He was barely conscious and soaked with water from the creek that runs between Sugar Plum and Crystal. The toboggan rolled through the barn door and into the brightly lit patrol room, where we quickly started an assessment. I had been inside finishing some paperwork before final sweep, just thinking about how nice it would feel to take my boots off, when I was thrust into the chaos of managing a serious trauma patient. 

The first patroller on a scene is called the “finder,” and they typically run the call from start to finish, but in this case, there was a delay in their arrival from the scene, and I just happened to be the one who took in-line stabilization of our patient’s neck. The person holding the head calls the shots, which put me, a rookie patroller, in charge. 

Despite the intensity of the moment, and the whispers of self-doubt, I somehow felt perfectly calm. Have you ever been in a situation where you felt divinely placed? Like you were exactly where you were supposed to be, doing something that you were uniquely prepared to do? That’s how I felt, at 10 p.m. on a Sunday night, in a town that you may never visit—with my stethoscope around my neck, gloves on my hands, and ski boots on my feet. 

I called for trauma shears so that we could cut his soaking clothes off, helped to situate an oxygen mask over his face, and affirmed the urgent need for ALS. Fifteen minutes later, our patient had been evaluated by our local paramedic and packaged for the helicopter ride to Buffalo. Still barely conscious, we would learn later that he had suffered a collapsed lung and severe concussion. I was intensely proud of our team for handling a critical situation so seamlessly, and was honored to have played even a small part. 

The path to becoming a ski patroller is arduous, requiring EMT-level medical training and the ability to transport patients from any part of the mountain using only skis and a sled. I came very close to dropping out of training, exhausted by the hours of training on top of my more than full time work schedule. I am thankful every day that I didn’t, as it has been a true lesson in the gifts of sticking with it. For two glorious years I got to live the gift of the red jacket: joyfully hosting people in my favorite place on earth.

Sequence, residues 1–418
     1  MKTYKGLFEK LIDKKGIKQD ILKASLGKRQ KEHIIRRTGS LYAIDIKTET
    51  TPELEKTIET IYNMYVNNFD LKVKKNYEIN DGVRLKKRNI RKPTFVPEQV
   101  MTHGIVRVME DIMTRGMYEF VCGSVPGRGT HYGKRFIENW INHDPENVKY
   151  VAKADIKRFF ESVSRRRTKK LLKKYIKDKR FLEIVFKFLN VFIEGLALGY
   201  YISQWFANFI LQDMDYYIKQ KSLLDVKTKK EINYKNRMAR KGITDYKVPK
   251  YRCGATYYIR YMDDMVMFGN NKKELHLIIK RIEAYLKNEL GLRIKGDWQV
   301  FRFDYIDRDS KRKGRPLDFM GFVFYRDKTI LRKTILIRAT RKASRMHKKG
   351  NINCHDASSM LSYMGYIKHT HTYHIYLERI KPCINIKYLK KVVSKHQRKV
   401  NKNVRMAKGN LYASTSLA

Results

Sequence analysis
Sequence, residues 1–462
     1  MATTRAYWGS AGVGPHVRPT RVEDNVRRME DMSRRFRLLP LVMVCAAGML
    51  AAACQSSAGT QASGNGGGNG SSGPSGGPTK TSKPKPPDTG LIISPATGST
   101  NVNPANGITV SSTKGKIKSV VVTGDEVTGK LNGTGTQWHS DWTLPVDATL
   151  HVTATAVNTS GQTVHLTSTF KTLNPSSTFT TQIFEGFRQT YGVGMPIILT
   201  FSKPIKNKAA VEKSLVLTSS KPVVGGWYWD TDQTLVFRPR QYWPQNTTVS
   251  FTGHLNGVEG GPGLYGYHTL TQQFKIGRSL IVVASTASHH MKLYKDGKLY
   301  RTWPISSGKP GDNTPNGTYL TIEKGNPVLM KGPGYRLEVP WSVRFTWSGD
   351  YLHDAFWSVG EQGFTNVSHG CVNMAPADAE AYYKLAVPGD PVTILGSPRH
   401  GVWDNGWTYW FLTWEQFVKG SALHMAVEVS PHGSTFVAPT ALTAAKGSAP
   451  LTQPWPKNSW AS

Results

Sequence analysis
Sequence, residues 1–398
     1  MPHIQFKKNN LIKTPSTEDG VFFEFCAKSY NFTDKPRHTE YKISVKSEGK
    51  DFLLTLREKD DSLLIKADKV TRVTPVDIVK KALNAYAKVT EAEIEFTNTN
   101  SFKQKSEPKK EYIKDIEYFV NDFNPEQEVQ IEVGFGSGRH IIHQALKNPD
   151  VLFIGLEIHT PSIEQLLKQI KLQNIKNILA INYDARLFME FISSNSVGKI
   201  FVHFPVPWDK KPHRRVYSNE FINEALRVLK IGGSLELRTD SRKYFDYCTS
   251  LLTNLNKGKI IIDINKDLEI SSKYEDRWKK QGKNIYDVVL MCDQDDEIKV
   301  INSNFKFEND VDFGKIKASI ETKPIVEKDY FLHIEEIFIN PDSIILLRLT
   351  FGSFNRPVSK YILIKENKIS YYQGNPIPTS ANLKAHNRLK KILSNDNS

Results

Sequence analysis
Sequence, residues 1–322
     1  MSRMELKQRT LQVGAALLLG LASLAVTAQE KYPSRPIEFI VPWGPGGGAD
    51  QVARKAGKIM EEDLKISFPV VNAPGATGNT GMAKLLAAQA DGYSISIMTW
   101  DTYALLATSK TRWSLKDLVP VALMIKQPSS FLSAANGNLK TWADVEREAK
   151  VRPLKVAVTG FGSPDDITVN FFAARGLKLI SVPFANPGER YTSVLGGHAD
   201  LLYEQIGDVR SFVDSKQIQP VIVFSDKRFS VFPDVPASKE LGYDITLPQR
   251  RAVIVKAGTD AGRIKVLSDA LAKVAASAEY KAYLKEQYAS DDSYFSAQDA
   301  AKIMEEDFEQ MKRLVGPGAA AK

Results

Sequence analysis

And then of course I got sick. I didn’t ski much, and I began to doubt my place on that mountain. I’ve written about this a bit before, but have been surprised by the stories of alienation I make up without any help or evidence. Over time, I began to tell myself that I wasn’t a real patroller anymore, that my training had been squandered, that people didn’t see me as committed to the patrol, and that my love for skiing was invalid. We make life so hard for ourselves, and we limit joy where it is already scarce. Henri Nouwen writes:

We tend to stay away from mourning and dancing. Too afraid to cry, too shy to dance… we become narrow-minded complainers, avoiding pain and also true human joy.

I have learned to mourn, and continue to plumb the depths of grief, but I am also finding the courage to boldly claim my space to dance. I am bolstered by the love of people who keep inviting me back to the space that they have held with sacred patience and grace. Just last night I got a voice message from our Monday night crew telling me that they hope to see me back on the mountain soon. Last week another friend boldly told me that it was time to get back to this thing I love. And on Friday, my kind-eyed hill chief told me just to come, and that they would work around the limits imposed by my body. 

So I did. I put on my jacket, and tucked a radio in my chest pocket, and donned my pack. I trusted my training, and my legs, and my team, and my god-given sense of how to help people. Back to the mountain, back to my first love, back to the sacred space that was carved out by god and held by my friends. If you need me on the mountain, I’ll be there. See you on the slopes!

5 Comments

  1. Geneva Langeland

    Glad to hear you’re back on the mountain!

    Reply
    • Louise Kelly

      Enc.ouraged to learn you are feeling better and doing the things you love.

      Reply
    • Vickie Wheeler

      Sounds like you very much needed and very helpful.

      Reply
  2. Joe Mineo

    I am sure that the mountain has missed you as much as you have missed the mountain. Welcome back >3

    Reply
    • Vickie Wheeler

      That is such a cute picture of you with your friends on the mountain. I pray that you become stronger and continue going to work on the mountain.

      Reply

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